I was sent this article after informing you all I used to be a snail mail paper book reviewer. I see lack of reviews are a common dilemma for lots of authors. It’s a serious enough issue for the American Scholar to write an article on it.
As I said before, I spend a lot of time away from the computers and simply did my writings without computer influence due to family concerns. And when I was first begin being introduced to the public 90% of my marketing was done in person. Seeing this situation at hand, I am glad I started out meeting and greeting readers in person. Or it would’ve been much harder to get my work out there.
I have seen well-know authors books sitting with scarce reviews.
I guess the old snail mail kind of reviewing doesn’t exist anymore. Well, I have not done it in years, so I wouldn’t know. I hadn’t realized the reviewing market had changed so much.
Some are blaming Indie publishing for this plight but I don’t think that’s the case. I have read many Indie authors who wrote very intriguing books.
Before she started studying book reviews, Phillipa Chong once worked to procure them. Chong interned at a Canadian publishing house during college, and quickly learned that book reviews were everything. “There was a sense that if you didn’t get a book review, your title was going to die on the vine,” she told me.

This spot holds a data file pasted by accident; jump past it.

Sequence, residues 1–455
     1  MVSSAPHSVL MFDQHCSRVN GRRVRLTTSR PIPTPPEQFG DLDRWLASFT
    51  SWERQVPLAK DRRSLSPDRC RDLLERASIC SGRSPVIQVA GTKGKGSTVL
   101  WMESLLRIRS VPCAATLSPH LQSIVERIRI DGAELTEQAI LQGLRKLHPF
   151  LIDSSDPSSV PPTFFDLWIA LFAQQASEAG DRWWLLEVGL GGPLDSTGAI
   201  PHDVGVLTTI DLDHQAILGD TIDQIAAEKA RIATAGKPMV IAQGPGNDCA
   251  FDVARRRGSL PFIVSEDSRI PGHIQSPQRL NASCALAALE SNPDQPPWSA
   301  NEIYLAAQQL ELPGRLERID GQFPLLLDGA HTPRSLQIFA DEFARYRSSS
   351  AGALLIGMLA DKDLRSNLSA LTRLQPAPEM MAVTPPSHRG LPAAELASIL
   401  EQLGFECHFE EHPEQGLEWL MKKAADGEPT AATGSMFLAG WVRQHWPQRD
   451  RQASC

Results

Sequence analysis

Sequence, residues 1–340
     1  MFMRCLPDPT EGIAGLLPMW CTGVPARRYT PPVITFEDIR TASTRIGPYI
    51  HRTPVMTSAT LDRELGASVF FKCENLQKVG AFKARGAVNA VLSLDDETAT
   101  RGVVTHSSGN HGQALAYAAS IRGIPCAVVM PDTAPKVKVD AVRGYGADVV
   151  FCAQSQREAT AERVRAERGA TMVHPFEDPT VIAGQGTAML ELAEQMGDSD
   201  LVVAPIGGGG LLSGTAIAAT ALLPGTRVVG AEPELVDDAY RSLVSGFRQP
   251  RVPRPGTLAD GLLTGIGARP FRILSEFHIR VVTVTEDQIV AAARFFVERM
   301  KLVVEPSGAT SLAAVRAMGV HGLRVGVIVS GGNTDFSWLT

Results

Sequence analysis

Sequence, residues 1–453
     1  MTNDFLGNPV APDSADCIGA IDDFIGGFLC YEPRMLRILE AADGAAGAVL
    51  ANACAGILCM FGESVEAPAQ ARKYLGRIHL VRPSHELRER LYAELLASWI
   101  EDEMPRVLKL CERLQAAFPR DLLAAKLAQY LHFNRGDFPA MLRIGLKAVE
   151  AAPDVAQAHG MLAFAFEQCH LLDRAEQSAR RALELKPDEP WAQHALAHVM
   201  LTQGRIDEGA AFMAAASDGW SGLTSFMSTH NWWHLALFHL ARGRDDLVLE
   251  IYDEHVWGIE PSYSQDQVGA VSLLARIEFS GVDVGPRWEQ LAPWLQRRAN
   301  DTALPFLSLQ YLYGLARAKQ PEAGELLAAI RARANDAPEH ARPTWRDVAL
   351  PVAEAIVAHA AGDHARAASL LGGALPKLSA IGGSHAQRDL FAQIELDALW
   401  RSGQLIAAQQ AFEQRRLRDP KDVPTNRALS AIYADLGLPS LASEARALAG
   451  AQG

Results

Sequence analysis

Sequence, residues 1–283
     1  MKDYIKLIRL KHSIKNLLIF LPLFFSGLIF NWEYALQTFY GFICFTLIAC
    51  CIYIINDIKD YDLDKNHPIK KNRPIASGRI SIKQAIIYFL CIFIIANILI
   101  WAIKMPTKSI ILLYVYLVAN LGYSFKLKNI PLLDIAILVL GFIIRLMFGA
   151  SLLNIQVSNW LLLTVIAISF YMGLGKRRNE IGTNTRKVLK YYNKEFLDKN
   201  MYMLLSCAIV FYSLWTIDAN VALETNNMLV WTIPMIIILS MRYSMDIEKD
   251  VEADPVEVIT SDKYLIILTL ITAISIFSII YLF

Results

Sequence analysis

By the time she finished her doctoral studies in 2014, the landscape for book reviews had changed. Just as Rotten Tomatoes and Yelp did for film and restaurant criticism, Amazon and Goodreads democratized who could review books. “Suddenly, the debate was about whether we needed critics at all,” Chong says. “It was such a stark difference from my experience with critics during my internship. I wanted to figure out how those two storylines fit together.”
But to go back to the idea of authenticity and trust, this is just as much if not more of an issue for reviews on places like Goodreads and Amazon. Who is booklover123? Is it the author’s aunt? Agent? An ex-student who feels he deserved an “A”? Remember in 2004 when Amazon accidentally listed the identity of anonymous posters? It turned out that many reviews were generated by people using fake identities to boost or depress the ratings of books, something called “sockpuppeting.” There are personal and professional consequences to critics that actually facilitate a particular professionalism and integrity. Yes, it may be surprising to some that worrying about how other writers will respond to their reviews is part of how critics write their reviews. But it’s also this sense of “peer policing” that keeps most critics on their toes about producing good and work. Though it doesn’t always work …
This maybe the case but why punish the entire industry for the actions of a few. I had to look up what Sockpuppeting was. It is when one person uses an alternate account to pose as a separate person. It’s a form of deception where one person pretends to be others, often to push an agenda or troll an audience.